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Matthew Bunn

Mailing address

Littauer 339C
Belfer Center for Science and International Affairs
79 John F. Kennedy Street, Mailbox 53
Cambridge, MA, 02138

Downloadable CV

Matthew Bunn

Professor of Practice; Co-Principal Investigator, Project on Managing the Atom

Member of the Board

Contact:
Telephone: (617) 495-9916
Fax: 617-495-8963
Email: matthew_bunn@harvard.edu

 

Experience

Matthew Bunn is a Professor of Practice at Harvard University's John F. Kennedy School of Government.  His research interests include nuclear theft and terrorism; nuclear proliferation and measures to control it; the future of nuclear energy and its fuel cycle; and policies to promote innovation in energy technologies.

Before joining the Kennedy School in January 1997, he served for three years as an adviser to the Office of Science and Technology Policy, where he played a major role in U.S. policies related to the control and disposition of weapons-usable nuclear materials in the United States and the former Soviet Union, and directed a secret study for President Clinton on security for nuclear materials in Russia.  Previously, Bunn was at the National Academy of Sciences, where he directed the two-volume study Management and Disposition of Excess Weapons Plutonium.  He is the winner of the American Physical Society's Joseph A. Burton Forum Award for "outstanding contributions in helping to formulate policies to decrease the risks of theft of nuclear weapons and nuclear materials," and the Federation of American Scientists' Hans Bethe Award for "science in service to a more secure world," and is an elected Fellow of the American Association for the Advancement of Science.   He is a member of the Boards of Directors of the Arms Control Association and the Partnership for Global Security.

Bunn is the author or co-author of more than 20 books and book-length technical reports (most recently including Transforming U.S. Energy Innovation), and over a hundred articles in publications ranging from Science and Nuclear Technology to Foreign Policy and The Washington Post. He appears regularly on television and radio.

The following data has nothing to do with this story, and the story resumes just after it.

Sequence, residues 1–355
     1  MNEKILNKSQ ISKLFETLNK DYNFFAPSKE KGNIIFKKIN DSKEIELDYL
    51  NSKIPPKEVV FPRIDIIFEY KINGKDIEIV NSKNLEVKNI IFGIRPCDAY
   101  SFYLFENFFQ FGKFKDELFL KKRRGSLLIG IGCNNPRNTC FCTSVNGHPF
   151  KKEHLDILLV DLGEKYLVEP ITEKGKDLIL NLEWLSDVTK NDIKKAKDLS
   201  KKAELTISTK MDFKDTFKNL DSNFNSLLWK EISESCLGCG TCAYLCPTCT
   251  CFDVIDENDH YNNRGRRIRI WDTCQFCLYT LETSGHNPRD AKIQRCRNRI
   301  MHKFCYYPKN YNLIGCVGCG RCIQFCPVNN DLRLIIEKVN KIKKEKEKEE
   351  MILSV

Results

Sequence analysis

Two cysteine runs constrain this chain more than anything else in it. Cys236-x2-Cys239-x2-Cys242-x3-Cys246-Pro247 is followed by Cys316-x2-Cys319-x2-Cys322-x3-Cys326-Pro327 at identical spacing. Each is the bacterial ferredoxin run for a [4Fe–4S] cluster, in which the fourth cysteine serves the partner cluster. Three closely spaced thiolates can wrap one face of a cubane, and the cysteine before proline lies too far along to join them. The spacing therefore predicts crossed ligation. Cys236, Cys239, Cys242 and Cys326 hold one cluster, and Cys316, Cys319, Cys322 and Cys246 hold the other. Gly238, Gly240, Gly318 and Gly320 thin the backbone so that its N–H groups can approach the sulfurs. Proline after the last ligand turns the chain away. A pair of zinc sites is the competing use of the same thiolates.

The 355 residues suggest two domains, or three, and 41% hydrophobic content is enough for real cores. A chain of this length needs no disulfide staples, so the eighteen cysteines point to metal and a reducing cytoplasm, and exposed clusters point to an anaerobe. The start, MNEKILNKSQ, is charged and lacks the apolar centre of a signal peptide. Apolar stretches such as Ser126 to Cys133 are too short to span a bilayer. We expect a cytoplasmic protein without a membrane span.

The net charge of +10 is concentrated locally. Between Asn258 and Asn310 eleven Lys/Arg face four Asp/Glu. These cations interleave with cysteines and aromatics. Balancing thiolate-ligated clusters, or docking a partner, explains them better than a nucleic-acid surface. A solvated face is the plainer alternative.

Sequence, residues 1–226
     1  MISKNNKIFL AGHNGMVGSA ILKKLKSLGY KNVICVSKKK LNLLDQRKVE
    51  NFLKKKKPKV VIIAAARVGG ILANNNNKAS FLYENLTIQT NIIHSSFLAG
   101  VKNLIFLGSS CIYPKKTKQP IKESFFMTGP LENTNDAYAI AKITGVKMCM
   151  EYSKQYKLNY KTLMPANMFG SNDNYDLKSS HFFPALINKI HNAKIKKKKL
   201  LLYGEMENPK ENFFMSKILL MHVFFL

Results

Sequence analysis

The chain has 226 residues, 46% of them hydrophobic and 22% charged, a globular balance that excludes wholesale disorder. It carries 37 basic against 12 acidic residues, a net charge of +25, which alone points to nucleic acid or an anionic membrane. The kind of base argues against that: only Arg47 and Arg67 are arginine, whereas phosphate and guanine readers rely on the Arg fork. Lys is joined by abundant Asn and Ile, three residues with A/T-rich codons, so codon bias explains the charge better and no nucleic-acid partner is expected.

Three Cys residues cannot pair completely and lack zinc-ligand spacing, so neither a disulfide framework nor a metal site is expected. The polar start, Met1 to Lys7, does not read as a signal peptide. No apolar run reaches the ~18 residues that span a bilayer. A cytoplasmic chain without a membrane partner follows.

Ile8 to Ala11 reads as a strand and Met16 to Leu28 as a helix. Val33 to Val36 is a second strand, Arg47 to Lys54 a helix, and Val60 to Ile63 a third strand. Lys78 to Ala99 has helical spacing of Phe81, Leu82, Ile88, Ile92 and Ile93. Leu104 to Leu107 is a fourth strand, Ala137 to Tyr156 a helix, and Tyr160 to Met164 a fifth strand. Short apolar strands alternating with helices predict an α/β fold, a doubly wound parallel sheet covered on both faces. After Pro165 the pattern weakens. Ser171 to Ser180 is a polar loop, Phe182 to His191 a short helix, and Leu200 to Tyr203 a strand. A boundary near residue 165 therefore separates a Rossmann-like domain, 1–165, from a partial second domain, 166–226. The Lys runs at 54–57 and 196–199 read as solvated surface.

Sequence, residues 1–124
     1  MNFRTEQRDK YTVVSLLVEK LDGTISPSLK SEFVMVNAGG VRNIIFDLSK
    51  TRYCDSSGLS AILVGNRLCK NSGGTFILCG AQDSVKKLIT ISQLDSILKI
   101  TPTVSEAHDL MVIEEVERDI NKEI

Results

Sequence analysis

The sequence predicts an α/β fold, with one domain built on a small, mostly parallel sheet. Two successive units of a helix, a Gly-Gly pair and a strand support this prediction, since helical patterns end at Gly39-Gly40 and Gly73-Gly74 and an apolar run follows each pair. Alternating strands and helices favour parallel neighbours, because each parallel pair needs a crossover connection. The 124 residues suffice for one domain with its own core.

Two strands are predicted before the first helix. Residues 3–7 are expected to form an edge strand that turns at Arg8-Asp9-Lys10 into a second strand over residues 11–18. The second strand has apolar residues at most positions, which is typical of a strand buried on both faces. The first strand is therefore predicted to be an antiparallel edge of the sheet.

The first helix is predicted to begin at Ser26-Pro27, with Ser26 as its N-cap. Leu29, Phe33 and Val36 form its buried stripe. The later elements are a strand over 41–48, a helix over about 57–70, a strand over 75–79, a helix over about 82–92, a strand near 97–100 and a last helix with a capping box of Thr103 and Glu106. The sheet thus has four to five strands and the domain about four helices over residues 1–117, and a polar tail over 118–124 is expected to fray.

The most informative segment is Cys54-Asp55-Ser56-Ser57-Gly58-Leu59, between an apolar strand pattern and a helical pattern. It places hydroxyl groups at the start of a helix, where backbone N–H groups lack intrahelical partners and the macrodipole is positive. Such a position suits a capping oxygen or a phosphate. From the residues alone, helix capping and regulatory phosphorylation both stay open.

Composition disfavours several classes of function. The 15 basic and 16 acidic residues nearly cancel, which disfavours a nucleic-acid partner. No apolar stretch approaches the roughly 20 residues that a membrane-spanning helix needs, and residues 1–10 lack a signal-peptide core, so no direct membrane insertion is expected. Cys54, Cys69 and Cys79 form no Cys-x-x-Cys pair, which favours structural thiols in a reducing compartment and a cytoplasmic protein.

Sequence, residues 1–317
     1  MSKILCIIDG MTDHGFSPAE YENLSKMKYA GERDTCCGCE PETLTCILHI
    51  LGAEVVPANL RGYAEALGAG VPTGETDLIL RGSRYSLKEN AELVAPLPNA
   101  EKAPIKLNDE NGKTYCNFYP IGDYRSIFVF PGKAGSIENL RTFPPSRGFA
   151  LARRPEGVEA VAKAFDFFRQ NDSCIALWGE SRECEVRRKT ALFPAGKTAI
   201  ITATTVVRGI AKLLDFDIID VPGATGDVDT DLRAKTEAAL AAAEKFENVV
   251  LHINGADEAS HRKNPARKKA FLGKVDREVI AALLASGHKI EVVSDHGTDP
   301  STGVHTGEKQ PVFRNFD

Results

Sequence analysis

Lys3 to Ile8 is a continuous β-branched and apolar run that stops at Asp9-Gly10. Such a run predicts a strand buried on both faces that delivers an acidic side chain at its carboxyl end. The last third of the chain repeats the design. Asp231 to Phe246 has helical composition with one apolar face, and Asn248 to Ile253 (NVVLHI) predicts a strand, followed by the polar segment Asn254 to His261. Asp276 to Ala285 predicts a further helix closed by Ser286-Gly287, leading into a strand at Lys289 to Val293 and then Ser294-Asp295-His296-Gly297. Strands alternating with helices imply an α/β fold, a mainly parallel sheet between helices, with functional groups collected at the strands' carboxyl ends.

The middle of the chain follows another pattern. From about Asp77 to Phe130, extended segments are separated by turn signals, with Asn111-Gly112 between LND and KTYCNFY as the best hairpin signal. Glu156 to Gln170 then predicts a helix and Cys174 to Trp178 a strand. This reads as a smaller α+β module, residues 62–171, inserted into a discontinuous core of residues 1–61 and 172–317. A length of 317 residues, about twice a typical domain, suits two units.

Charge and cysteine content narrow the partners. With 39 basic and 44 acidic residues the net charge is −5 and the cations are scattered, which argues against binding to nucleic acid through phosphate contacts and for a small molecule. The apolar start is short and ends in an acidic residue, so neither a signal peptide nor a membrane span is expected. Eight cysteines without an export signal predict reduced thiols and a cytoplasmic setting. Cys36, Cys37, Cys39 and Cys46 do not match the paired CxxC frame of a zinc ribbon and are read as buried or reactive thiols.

Bunn holds a doctorate in technology, management, and policy from the Massachusetts Institute of Technology. He is married to Jennifer Weeks; they have two daughters.

 

 

By Date

 

2014

NNSA

July 16, 2014

Innovating Verification: New Tools & New Actors to Reduce Nuclear Risks

Report

By Matthew Bunn, Professor of Practice; Co-Principal Investigator, Project on Managing the Atom

Part of NTI's Innovating Verification reports series, Verifying Baseline Declarations of Nuclear Warheads and Materials analyzes how baseline declarations can contribute to near- and long-term arms control and non-proliferation goals and how to verify them without compromising sensitive information.

 

 

July 14, 2014

Matthew Bunn Interviewed in Tehran Times

News

By Matthew Bunn, Professor of Practice; Co-Principal Investigator, Project on Managing the Atom

Amidst intense negotiations between Iran and the P5+1 countries in Vienna on Iran's nuclear program, Professor Matthew Bunn was interviewed for a July 14 article in the Tehran Times about what a comprehensive agreement would look like and how the two sides of the dispute should approach the talks to obtain significant and substantive results.

 

 

Jul 11, 2014

"ISIS Seizes Nuclear Material—but That’s Not the Reason to Worry"

Op-Ed, The National Interest

By Matthew Bunn, Professor of Practice; Co-Principal Investigator, Project on Managing the Atom

"Like the Taliban’s Afghanistan before 9/11, the Islamic State may become a safe haven for people from other groups and countries to train and plot complex attacks."

 

 

June 11, 2014

"Ensuring a Nuclear Nightmare Never Happens"

Op-Ed, The National Interest

By Matthew Bunn, Professor of Practice; Co-Principal Investigator, Project on Managing the Atom

Speaking at West Point last month, President Obama warned that “if nuclear materials are not secure, that poses a danger to American citizens.” Contrarily, recently proposed budget cuts could hamper work being done to ensure nuclear material never falls into the wrong hands. In his National Interest op-ed, Matthew Bunn makes the case that preventing nuclear danger should remain a top priority for Congress.

 

 

April 4, 2014